Emergence versus Entropy, By Julian Birkinshaw, London Business School Term Chair Professor of Strategy and Entrepreneurship.
“I have been puzzling over complexity in organisations for a while now, and I reckon there are three processes underway in organisations that collectively determine the level of actual complexity as experienced by people in the organisation.
1. There is a design process –the allocation of roles and responsibilities through some sort of top-down master plan. We all know how this works.
2. There is an emergent process – a bottom-up form of spontaneous interaction between well-intentioned individuals, also known as self-organising. This has become very popular in the field of management, in large part because it draws on insights from the world of nature, such as the seemingly-spontaneous order that is exhibited by migrating geese and ant colonies. Under the right conditions, it seems, individual employees will come together to create effective coordinated action. The role of the leader is therefore to foster “emergent” order among employees without falling into the trap of over-engineering it.
3. Finally, there is an entropic process – the gradual trending of an organisational system towards disorder. This is where it gets a bit tricky. The disciples of self-organising often note that companies are “open systems” that exchange resources with the outside world, and this external source of energy is what helps to renew and refresh them. But the reality is that most companies are only semi-open. In fact, many large companies I know are actually pretty closed to outside influences. And if this is the case, the second law of thermodynamics comes into effect, namely that a closed system will gradually move towards a state of maximum disorder (i.e. entropy).
And here is the underlying conceptual point. The more open the organisation is to external sources of energy, the easier it is to harness the forces of emergence rather than entropy. What does this mean in practice? Things like refreshing your management team with outside hires, circulating employees, making people explicitly accountable to external stakeholders, collaborating with suppliers and partners, and conducting experiments in “open innovation”.”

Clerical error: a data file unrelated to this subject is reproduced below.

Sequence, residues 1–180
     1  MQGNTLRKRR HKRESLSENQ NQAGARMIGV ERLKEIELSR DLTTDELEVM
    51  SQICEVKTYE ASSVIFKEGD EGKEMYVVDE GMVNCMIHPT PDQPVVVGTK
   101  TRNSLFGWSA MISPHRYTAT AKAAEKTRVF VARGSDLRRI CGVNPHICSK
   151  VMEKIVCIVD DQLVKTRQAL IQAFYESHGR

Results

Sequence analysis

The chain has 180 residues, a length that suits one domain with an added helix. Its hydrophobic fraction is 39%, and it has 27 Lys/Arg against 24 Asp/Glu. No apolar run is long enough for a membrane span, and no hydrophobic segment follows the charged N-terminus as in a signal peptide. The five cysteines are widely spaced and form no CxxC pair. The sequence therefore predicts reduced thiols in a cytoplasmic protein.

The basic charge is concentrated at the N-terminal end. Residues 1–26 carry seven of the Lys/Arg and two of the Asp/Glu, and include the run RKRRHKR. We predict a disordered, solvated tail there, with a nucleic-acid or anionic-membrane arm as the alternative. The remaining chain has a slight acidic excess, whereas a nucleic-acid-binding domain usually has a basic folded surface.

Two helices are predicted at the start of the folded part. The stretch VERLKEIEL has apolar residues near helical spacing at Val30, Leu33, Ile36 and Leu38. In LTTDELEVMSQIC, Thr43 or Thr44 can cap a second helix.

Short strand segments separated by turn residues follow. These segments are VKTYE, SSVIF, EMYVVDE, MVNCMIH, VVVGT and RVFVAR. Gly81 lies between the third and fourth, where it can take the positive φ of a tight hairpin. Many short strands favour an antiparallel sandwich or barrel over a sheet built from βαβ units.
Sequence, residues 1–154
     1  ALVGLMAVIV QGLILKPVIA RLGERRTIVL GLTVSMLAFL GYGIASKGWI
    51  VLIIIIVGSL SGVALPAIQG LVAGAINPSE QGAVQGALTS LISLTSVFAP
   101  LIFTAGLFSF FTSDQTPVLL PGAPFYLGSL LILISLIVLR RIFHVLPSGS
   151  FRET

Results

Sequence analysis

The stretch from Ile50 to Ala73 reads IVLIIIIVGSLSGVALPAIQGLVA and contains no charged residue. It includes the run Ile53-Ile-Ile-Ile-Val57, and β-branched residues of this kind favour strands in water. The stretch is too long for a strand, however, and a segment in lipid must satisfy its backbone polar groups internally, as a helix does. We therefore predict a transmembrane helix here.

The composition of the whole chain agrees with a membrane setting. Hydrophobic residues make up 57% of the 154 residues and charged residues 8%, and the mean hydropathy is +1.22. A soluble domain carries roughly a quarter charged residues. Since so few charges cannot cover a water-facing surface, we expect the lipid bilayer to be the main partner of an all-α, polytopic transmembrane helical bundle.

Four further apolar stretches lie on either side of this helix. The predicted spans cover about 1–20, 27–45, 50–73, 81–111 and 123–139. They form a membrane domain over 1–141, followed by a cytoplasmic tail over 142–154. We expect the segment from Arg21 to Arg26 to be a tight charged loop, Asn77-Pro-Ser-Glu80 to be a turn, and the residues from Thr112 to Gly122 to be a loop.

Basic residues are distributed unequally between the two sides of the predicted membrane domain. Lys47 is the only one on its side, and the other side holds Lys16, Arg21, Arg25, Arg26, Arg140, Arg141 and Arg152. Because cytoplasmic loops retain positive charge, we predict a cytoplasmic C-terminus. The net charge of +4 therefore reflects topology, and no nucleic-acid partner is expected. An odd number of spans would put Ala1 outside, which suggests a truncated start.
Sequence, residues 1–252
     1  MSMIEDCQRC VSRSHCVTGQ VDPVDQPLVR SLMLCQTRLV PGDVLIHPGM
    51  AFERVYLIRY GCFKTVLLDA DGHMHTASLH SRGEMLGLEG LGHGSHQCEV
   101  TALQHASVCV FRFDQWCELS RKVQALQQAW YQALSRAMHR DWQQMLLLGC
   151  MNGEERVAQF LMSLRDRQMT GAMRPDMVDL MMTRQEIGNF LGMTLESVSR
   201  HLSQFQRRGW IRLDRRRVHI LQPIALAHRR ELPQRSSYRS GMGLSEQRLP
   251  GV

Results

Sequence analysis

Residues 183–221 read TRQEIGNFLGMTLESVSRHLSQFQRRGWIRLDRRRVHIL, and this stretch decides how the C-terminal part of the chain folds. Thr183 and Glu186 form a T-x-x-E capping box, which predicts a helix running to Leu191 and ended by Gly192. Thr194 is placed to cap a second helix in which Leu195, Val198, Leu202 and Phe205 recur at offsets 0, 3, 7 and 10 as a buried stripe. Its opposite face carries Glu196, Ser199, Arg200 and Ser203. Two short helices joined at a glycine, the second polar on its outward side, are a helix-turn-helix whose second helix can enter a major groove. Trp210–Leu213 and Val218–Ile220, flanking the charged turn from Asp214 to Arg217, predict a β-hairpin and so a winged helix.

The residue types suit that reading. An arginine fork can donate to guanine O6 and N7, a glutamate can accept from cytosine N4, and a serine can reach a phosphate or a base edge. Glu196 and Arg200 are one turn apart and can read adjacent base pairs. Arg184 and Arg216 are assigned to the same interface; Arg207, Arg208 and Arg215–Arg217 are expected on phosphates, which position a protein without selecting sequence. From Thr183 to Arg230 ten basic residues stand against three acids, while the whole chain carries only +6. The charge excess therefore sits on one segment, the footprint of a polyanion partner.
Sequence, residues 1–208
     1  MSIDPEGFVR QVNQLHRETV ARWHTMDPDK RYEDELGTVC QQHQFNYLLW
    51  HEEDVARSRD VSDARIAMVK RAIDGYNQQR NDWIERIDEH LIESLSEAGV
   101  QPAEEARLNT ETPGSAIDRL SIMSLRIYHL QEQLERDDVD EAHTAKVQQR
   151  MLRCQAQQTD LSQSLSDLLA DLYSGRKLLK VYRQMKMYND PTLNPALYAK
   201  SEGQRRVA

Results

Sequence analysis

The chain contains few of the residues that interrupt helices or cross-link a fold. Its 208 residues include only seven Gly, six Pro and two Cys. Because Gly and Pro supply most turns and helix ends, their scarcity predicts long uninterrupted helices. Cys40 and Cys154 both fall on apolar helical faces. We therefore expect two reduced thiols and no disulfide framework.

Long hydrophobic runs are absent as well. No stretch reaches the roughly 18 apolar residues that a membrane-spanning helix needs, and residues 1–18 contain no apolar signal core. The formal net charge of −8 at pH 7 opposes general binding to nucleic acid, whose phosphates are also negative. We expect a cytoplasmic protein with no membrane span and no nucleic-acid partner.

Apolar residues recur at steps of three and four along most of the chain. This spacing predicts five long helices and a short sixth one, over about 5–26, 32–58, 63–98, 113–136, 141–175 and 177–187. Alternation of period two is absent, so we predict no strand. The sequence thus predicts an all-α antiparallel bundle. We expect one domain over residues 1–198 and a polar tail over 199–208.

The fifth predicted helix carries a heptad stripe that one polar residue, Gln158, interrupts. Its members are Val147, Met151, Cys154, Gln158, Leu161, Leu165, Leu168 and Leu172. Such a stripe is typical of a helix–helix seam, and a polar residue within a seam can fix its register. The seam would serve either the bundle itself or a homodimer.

Mr. Birkinshaw’s advice, while sound, obscures the deeper psychological and cultural aversion to even thinking about entropy. The people who run organisations are organised, and organised people don’t do entropy. There are people who live by entropy, but they just don’t work their way up to the top of organisations. They take what serendipity comes to them and accept the losses of fate. They may achieve some notoriety in art or science, but only tangentially. The really successful artists and scientists are organised (Einstein’s work was organised by his first wife.)
Organised people achieve incredible success in moments of low entropy, because when you take a system with profound imbalances and impose a few constraints, the results look miraculous. Think of the Hoover dam. When it was constructed, it unleashed an immense amount of “free energy”, but that energy attracted crowds to Arizona and California that were greater than the dam could sustain. Now the dam is just a small part of the energy portfolio, too big to shut down but too small to make a difference in anybody’s life. The entropy of the system has overwhelmed its relevance, and now no organisation will bring back the low entropy of a rural landscape with a flowing, falling river. The application of constraints appears to make free energy, at first, but at some point additional constraints of the same kind only reduce the free energy further. The result is a social and cultural catastrophe with no logical answers. The same is true in Israel and everywhere else where resources have been allocated in logical but arbitrarily orders.
Remember that entropy is not a law or a process. It is just an idea, a way of understanding what happens when the logic of causation break down. Statistical mechanics works for phenomena that emerge consistently by chance, not through any chain of cause and effect. Entropy is a way of understanding how systems evolve on their own initiative, unintentionally, and generally uncontrollably. The laws are conservation of momentum, information, and the speed of light. Entropy emerges from the fact that those laws place no constraints on location, and within them nothing is prohibited. Information and momentum are free to go anywhere, so they go as many places as possible as soon as they can get there. The second law of thermodynamics might be restated without mention of entropy as “the energy and information in the configuration of matter will tend to distribute itself as evenly and randomly as possible throughout the available space because it has no reason not to.”
One curious result is that the entropy of one body is constrained by the entropy of everything around it, not by a law or limit of entropy. Curiouser still is the notion that Alice in Wonderland is not a book about entropy, but a book about information unfettered by entropy. What would happen if physical reality were governed by information? It would be arbitrary and capricious. While entropy is not logical or causative, logic and causation depend on the backstop of entropy for their meaning and consistency.